The complex will feature plenty of glass, lots of windows as a symbolic statement of the “transparency” the city hopes to convey to the public. Future plans call for plenty of green space, retail space and an entertainment venue for residents to enjoy, according to the city manager.

But … first things first.

I don’t think Derek Borg is predicting a hiccup-free move. However, he will take on whatever challenges arise with joyful determination that once everyone settles in, they will be able to provide top-flight municipal service to the residents who are footing the bill.

Good luck to you all.


Retirement journey takes us to hot spot

By John Kanelis / johnkanelis_92@hotmail.com

My wife and I have been on the most remarkable journey a married couple can take.

We entered the world of full-fledged retirement not many years ago. We had lived for more than two decades in Amarillo, Texas. Then we packed up our belongings, sold our house and settled eventually in what once was a sleepy little burg just northeast of Dallas.

Princeton sits in Collin County. We moved to a city with a declared population of 6,807 residents, according to the 2010 census.

Well, I’ve got a flash for you. That sleepy little burg isn’t so sleepy these days. The 2020 census became known this week and Princeton saw its resident total triple in the past decade.

The population now stands at 18,338 residents. Near as I can tell, even that figure is likely out of date. You see, my wife and I reside in a residential development that continues to grow every single day.

New houses are sprouting up all around us. Cement trucks are pouring slabs to our west and south. Houses are being framed right on top of the newly dried cement. I have no clue what the population of Princeton is at this very moment; I only can conjecture that the census figure is a bit low.

I don’t recall ever in my life moving into what could be considered something of a residential hot spot. I keep hearing stories from Realtors and others in the business about how people selling houses end up being caught in the middle of bidding wars as people seek to move into Collin County, or to Denton County, or to Dallas County, or to Tarrant County.

It’s crazy, man!

It took very little time for us to settle into our new digs. We’re delighted to have gotten here when we did, as the price of homes springing up around are selling for prices that would have scared us away when we were preparing to purchase a home.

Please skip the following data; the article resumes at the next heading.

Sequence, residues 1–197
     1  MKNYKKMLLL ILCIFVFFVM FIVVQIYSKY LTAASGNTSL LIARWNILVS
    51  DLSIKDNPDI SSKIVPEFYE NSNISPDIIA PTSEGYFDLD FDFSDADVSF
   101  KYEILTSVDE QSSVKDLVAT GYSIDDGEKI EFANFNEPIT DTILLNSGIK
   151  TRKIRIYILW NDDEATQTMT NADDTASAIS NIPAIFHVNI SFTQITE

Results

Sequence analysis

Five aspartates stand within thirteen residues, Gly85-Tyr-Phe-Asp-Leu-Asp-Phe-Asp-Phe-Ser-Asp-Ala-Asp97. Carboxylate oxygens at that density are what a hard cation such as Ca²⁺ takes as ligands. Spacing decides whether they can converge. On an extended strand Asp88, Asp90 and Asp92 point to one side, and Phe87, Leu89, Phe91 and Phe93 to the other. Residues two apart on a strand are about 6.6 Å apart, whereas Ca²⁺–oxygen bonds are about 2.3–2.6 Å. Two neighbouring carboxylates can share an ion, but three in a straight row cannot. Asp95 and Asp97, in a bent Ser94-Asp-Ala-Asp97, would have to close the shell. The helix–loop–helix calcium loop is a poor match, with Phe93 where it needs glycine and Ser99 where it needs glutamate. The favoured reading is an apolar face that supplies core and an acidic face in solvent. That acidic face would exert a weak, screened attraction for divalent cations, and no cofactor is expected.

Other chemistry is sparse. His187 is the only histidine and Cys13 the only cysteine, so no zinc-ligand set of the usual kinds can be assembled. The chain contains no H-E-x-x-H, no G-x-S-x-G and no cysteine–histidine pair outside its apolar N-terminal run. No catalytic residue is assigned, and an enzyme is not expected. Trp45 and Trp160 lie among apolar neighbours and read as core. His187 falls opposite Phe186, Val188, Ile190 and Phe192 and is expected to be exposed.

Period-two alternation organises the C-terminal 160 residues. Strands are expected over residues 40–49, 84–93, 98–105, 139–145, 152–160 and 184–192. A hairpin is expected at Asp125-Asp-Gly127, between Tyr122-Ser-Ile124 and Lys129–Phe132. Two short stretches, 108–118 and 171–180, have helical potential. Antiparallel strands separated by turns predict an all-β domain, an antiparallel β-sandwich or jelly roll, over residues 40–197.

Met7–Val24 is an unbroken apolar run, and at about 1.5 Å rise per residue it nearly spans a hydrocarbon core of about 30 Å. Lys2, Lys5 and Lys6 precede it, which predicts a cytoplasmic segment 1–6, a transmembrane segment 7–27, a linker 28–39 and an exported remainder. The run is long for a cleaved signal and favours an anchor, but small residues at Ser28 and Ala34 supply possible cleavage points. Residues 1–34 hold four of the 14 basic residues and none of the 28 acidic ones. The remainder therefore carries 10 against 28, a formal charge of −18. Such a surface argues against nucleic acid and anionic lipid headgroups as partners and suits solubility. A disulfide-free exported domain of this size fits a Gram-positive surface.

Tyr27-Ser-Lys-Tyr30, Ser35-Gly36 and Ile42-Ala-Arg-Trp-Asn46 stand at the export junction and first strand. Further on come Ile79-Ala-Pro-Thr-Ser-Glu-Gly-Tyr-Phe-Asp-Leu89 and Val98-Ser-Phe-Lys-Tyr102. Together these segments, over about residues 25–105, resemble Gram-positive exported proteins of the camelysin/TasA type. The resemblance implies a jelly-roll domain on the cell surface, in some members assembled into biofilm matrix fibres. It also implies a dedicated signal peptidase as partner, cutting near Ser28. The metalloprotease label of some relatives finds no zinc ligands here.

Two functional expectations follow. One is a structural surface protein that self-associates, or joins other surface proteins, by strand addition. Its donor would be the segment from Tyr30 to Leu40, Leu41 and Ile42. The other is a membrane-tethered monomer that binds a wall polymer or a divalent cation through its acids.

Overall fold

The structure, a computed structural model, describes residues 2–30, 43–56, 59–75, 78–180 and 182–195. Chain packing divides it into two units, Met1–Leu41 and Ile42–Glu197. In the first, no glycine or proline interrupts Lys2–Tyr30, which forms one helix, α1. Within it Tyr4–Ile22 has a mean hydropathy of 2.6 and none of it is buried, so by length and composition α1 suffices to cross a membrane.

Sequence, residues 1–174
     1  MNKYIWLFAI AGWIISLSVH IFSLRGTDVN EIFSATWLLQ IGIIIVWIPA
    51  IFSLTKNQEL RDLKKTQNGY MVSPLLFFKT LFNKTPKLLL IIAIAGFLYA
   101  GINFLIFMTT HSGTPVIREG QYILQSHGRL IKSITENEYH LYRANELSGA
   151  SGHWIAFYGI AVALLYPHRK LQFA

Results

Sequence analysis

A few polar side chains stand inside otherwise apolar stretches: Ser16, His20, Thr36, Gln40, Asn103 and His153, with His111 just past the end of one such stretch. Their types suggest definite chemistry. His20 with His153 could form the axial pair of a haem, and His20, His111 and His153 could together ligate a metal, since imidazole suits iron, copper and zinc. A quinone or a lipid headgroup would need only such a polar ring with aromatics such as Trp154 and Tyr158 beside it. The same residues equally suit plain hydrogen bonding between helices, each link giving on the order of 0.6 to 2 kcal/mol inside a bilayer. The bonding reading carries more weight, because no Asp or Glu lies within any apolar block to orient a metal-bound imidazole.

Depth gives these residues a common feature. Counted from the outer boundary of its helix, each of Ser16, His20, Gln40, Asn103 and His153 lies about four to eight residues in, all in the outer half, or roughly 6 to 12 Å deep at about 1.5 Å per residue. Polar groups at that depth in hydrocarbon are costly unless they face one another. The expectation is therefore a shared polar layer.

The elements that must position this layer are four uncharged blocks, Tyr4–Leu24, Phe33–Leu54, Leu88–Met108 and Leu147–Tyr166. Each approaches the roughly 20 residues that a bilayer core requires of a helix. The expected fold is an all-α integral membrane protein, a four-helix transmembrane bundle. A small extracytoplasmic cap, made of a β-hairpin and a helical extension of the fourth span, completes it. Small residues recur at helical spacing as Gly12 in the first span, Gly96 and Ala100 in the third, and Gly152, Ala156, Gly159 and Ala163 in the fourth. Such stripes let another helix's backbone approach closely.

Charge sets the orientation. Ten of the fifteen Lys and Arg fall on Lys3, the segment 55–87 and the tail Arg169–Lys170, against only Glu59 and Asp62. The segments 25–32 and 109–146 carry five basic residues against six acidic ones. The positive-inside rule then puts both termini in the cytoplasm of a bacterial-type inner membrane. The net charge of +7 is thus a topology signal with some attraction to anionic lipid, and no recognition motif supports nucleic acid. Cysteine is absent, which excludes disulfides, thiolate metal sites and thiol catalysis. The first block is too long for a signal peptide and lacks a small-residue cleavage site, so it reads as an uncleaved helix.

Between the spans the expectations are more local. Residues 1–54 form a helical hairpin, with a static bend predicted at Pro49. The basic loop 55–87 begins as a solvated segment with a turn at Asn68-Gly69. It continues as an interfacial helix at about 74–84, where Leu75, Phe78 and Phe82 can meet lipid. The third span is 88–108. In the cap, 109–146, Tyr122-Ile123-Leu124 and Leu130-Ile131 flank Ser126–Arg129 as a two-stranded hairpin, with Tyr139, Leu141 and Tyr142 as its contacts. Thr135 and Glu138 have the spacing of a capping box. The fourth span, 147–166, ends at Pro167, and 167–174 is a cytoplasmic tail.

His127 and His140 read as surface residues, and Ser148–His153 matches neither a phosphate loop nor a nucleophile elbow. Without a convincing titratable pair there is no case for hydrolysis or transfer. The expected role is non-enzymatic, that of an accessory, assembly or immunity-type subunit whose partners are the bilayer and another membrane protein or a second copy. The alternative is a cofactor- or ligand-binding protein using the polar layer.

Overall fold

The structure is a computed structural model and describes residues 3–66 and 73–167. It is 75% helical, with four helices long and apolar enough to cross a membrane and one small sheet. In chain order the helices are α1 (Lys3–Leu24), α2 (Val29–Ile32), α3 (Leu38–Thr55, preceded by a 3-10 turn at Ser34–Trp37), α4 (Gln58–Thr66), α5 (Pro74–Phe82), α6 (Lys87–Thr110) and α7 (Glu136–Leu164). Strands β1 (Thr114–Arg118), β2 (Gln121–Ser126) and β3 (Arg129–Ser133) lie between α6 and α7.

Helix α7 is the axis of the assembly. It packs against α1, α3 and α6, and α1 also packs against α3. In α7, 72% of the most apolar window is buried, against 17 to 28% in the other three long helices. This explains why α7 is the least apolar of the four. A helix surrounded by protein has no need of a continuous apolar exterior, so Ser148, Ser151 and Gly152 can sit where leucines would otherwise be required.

The Princeton city manager told me not long after we moved here that the city’s long-range growth plan projects a population of about 115,000 residents in the next three decades. I don’t know if we’ll be around to watch that happen.

What I am watching now, though, is sufficient to make my head spin.

Happy Trails, Part 193: We timed it well

By John Kanelis / johnkanelis_92@hotmail.com

When we moved into our “retirement home” in February 2019, we were struck at first glance by all the construction that was occurring on our street, not to mention in the Collin County, Texas, community we now call home.

Two-plus years later our timing seems even more profound than it did when we signed the papers on our home in Princeton.

They haven’t yet released the 2020 census figures for Princeton, but our trick knees are telling us that the 2010 figure of 6,807 residents is going to grow by several thousand.

City Manager Derek Borg has said he believes we have nearly 20,000 residents living in our city. He ought to know, so I’ll give him the benefit of the doubt.

Our subdivision remains a work in progress. They’re continuing to pour slabs and are erecting house frames to our west. The elementary school that opened in 2019 already has exceeded its capacity for students; I am wondering how Princeton Independent School District is going to deal with the steady in-flow of new students.